Well, having Bridie has certainly enlivened China!
In fact we are all getting more exercise than we expected.
This is no fault of Bridie, she is just a very energetic, inquisitive and interested dog. She is also a lot bigger than China.
Bridie is the result of the incorporation of American collie genes into British breeding stock. The British rough collie has been getting gradually smaller over the years, to the extent that we have been asked if China is a Sheltie, the Shetland Sheepdog. Angela (Wicani Collies) took the radical (apparently) step of bringing a large male Texan collie into her breeding programme, with the main aim of breeding out certain genetic defects which can lead to health problems for collies.
Unfortunately these days,there are some nasty inherited genetic defects to some dog breeds, to such an extent that those who tend to win the 'best in breed' at dog shows may also exhibit some of the most grotesque of these defects. We all know that the 'flat faced' dogs have breathing problems, so why not breed their noses back in again? Some dog breeds have back or hip problems, others have heart or even brain problems, the results of the skeleton, rib cage or skull being bred into a specific shape or size.
Angela has now succeeded in breeding out the genetic defect, a collie eye problem, from the dogs in her kennels. However it is amazing the pure hatred she has been subjected to - including death threats! And all because she has wanted to truly improve her dogs not only in looks, but in their health too.
Bridie stands head and shoulders taller than China, and I mean that literally. We have never had a dog who could just stand and look at what might be happening on our dining table, usually the collies can reach to run their noses around the edge of the table. She is also a lot more solid, strong and energetic dog. China seems to find this quite stimulating and trots quite happily after Bridie, and is having to keep looking to see what Bridie is doing, as Bridie is moving elegantly from room to room and in and out of the garden. However Bridie does tend to lean on China, she likes to lean on me too, and you certainly know when you are being leant on!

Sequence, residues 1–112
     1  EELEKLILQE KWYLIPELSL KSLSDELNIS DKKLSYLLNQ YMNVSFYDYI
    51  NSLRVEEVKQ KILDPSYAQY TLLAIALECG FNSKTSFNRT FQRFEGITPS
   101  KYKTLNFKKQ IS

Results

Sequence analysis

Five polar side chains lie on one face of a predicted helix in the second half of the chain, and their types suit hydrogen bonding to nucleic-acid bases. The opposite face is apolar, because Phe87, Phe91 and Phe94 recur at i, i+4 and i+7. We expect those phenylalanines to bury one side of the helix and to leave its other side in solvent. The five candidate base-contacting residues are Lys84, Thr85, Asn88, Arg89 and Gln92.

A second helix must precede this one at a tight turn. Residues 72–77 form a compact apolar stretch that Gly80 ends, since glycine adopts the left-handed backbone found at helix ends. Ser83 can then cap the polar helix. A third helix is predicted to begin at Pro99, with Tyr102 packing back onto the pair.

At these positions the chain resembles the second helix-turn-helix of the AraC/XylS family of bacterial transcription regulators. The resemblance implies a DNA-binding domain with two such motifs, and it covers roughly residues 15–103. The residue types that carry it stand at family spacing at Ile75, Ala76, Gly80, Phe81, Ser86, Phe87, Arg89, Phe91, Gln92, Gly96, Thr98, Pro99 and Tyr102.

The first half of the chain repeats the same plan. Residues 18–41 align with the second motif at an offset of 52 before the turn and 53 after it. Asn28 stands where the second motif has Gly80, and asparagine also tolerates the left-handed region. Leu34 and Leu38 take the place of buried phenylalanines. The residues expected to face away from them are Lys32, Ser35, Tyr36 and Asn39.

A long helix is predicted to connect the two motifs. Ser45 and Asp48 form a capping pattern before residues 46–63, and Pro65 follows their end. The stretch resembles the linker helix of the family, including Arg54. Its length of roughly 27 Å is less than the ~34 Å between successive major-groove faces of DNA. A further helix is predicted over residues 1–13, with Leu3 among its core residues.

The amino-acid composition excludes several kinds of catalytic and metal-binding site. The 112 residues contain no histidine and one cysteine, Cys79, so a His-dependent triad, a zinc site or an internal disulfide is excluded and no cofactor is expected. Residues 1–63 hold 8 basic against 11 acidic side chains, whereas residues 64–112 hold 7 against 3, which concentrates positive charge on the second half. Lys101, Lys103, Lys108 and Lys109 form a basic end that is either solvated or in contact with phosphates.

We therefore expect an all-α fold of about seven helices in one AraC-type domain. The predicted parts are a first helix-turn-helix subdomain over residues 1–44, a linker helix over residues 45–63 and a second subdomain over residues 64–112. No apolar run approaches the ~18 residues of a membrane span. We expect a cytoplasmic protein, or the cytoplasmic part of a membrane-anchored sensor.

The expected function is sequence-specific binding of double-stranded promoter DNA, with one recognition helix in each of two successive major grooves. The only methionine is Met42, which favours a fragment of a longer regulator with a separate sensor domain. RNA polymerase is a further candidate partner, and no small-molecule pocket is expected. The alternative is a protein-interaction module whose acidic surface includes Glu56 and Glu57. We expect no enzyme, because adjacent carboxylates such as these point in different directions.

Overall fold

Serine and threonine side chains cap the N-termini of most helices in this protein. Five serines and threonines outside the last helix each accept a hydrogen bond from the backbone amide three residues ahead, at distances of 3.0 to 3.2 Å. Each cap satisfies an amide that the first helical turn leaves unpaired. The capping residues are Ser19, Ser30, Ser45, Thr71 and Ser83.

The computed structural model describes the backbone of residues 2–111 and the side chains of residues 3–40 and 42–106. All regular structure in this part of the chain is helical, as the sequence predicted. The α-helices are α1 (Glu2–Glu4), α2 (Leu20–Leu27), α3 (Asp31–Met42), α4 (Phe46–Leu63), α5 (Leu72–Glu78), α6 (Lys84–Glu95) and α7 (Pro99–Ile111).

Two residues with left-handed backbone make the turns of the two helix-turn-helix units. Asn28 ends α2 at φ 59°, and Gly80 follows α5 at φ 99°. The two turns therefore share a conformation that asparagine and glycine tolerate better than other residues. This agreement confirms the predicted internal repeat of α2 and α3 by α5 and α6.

Graham took both dogs out for a walk for the first time on Monday, and arrived home ten minutes earlier than usual, simply because Bridie naturally walks more quickly than China. He said he was also sure that his left arm was now longer than his right as Bridie tried to go in all directions at once and sniff everything thoroughly too.
Normally Graham doesn't bother with a lead, once the dogs are across the main road, and into the fields and woodland, but as this was Bridie's first walk in a strange area, she was on a lead. We need to make sure firstly that she will come back when called, and that she knows the route so can find her way home if she gets lost.
So far she seems to be settling in amazingly well, considering that she is seven years old. She has quickly learnt how to use the stairs. In fact once she found out how to get up, and then down again, this became a game that kept her interested for some time, either thundering up and down at top speed, or wandering up, then down gently, then thundering back up again.
We just need to teach her how to use the dog flap next.
Bridie is at the back of the photo and China at the front. The nose in the middle belongs to Graham.